Guide for hospitality sector on dealing with Coronavirus published

By Stefan Chomka

- Last updated on GMT

Guide for hospitality sector on dealing with Coronavirus published

Related tags Coronavirus Restaurant

A guide for hospitality business on how to deal with the ongoing Coronavirus outbreak, featuring advice from public health experts and doctors, has been published online.

The guide has specifically written to help people in the food and beverage industry reduce the risk of their businesses accidentally spreading Coronavirus and includes low or no-cost suggestions that are generally good practice and which have also been evaluated by epidemiologists, public health experts, biologists, and doctors.

Updated yesterday (15 March), the guide includes practical advice such as training all staff in proper handwash procedure; remind staff to be conscious of not touching things unnecessarily, including their own face, mobile phone, clothing, cutlery and plates; and making efforts to move business as much to takeout and delivery as possible.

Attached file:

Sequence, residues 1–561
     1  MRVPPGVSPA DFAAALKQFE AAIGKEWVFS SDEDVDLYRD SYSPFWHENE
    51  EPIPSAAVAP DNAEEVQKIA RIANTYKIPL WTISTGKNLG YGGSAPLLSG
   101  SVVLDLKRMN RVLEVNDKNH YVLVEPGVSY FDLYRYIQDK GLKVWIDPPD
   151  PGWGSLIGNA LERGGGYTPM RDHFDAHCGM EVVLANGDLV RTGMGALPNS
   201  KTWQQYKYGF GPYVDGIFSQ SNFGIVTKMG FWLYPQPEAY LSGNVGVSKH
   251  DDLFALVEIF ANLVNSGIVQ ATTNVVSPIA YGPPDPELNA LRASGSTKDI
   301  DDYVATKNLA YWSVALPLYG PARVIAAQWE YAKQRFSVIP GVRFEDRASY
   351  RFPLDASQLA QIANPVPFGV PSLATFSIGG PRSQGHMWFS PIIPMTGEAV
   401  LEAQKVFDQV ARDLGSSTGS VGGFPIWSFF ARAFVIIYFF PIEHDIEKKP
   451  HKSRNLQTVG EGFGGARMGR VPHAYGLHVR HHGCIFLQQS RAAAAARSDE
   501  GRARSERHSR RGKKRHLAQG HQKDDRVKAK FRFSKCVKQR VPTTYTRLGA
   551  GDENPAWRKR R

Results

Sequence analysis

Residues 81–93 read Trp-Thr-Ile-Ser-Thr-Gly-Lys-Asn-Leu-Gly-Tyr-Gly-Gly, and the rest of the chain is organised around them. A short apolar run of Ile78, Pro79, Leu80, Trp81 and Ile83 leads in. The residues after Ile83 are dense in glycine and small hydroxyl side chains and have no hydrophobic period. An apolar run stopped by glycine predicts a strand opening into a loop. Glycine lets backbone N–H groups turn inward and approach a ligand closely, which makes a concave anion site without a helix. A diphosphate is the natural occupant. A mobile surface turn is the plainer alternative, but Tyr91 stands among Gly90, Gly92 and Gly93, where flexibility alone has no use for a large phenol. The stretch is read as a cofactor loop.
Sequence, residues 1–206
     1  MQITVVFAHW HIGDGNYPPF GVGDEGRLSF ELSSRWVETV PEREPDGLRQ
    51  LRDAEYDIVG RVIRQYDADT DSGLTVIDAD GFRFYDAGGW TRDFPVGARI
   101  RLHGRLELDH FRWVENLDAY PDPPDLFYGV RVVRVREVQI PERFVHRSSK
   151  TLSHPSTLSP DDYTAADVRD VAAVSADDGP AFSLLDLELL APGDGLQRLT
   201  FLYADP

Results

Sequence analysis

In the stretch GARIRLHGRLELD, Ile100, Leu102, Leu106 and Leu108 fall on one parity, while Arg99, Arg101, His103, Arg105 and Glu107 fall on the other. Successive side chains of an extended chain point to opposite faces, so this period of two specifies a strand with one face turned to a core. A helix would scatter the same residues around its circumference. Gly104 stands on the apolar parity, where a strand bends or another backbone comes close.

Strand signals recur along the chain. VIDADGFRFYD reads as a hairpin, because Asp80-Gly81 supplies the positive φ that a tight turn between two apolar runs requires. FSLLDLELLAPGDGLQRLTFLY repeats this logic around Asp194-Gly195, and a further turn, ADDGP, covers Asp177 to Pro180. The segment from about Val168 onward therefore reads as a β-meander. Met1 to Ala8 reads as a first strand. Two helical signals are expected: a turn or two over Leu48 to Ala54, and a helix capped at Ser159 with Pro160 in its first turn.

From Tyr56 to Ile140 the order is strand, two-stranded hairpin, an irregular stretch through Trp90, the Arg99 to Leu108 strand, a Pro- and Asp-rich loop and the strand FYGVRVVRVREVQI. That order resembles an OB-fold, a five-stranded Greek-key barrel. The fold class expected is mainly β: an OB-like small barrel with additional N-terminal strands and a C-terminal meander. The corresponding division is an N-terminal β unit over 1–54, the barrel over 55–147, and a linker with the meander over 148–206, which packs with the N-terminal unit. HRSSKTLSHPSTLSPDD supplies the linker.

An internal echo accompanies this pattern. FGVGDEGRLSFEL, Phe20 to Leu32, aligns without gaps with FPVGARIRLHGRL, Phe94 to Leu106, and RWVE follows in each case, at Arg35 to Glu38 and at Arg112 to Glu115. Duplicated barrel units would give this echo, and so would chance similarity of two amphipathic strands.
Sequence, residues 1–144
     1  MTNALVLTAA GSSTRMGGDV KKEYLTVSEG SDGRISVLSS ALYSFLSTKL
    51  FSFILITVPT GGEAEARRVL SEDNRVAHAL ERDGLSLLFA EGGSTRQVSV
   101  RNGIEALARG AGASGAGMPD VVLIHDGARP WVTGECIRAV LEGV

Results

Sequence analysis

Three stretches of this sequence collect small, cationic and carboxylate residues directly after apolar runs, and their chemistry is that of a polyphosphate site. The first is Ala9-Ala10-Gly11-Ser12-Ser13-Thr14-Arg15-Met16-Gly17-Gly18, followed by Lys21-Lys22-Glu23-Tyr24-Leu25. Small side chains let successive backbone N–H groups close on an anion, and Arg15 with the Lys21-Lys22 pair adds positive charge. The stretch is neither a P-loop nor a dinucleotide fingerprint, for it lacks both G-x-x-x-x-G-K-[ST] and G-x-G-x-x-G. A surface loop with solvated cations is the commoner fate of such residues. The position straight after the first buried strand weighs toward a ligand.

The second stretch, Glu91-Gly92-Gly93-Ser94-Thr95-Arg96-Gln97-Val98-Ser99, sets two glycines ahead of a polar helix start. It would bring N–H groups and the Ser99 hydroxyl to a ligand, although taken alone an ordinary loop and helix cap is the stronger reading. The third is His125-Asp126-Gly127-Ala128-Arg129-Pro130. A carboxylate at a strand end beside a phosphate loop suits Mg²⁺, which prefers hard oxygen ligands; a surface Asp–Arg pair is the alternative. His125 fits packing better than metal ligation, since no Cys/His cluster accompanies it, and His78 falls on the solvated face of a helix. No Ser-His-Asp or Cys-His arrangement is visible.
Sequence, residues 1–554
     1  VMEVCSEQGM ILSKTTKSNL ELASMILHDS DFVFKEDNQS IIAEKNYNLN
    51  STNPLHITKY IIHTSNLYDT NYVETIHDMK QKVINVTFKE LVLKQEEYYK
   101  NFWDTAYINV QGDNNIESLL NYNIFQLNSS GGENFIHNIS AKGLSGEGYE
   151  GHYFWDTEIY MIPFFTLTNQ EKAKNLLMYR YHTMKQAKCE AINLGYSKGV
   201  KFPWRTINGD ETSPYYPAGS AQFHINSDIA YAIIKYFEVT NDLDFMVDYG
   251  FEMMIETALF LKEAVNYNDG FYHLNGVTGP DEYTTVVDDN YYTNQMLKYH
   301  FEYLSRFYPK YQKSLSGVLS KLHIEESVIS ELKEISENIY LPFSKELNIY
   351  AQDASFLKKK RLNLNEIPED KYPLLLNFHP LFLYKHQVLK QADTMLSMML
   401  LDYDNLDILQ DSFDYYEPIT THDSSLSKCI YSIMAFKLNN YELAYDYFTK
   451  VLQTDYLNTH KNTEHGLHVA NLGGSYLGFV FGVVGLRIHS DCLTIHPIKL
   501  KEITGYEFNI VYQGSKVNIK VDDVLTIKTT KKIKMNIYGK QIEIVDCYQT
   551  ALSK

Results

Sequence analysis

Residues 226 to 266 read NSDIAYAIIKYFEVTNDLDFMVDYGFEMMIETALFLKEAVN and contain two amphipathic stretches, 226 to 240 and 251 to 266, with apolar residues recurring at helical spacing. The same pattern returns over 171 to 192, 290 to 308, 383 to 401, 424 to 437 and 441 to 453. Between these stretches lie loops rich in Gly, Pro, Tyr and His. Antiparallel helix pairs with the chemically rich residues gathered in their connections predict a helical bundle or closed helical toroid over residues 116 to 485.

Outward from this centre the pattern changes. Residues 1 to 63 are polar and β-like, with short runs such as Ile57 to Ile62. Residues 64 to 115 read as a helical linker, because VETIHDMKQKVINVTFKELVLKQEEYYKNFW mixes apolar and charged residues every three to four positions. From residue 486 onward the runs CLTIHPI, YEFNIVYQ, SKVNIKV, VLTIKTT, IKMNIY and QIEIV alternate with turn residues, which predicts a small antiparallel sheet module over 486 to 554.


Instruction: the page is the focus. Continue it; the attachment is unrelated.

Other suggestion is the guide include:

  • Stop polishing cutlery and glassware altogether
  • Change how chefs plate so they only use spoons and tweezers (no use of hands, whether gloved or not).
  • Move to contactless payments if possible.
  • Provide service stations with antiviral sanitizer wipes for use on phones, POS, payment terminals, keyboards/mice, and tablets.
  • Check laundry processes for all service linens. This includes chef jackets, uniforms, towels, cloths, aprons, table linens.
  • Proactively indicate where customers can wash their hands before eating, and ask if they want sharing plates and sharing utensils.
  • Where you can, prop doors open so staff and customers don’t have to touch handles to enter and exit.
  • Replace menus with laminated sheets if original menu material is hard to sanitise.

Restaurants are also being encouraged to minimise, eliminate, or rethink serving style for things designed to be shared at the table, such as large cuts of meat, whole fish/poultry and communal bowls of rice and pasta as well as to change serving style for dishes to be eaten with hands instead of cutlery, such as bread, sharing platters, chicken wings, finger foods (like nuggets/croquettes), shellfish and sandwiches.

To download the full report click here

Related topics Trends & Reports Casual Dining

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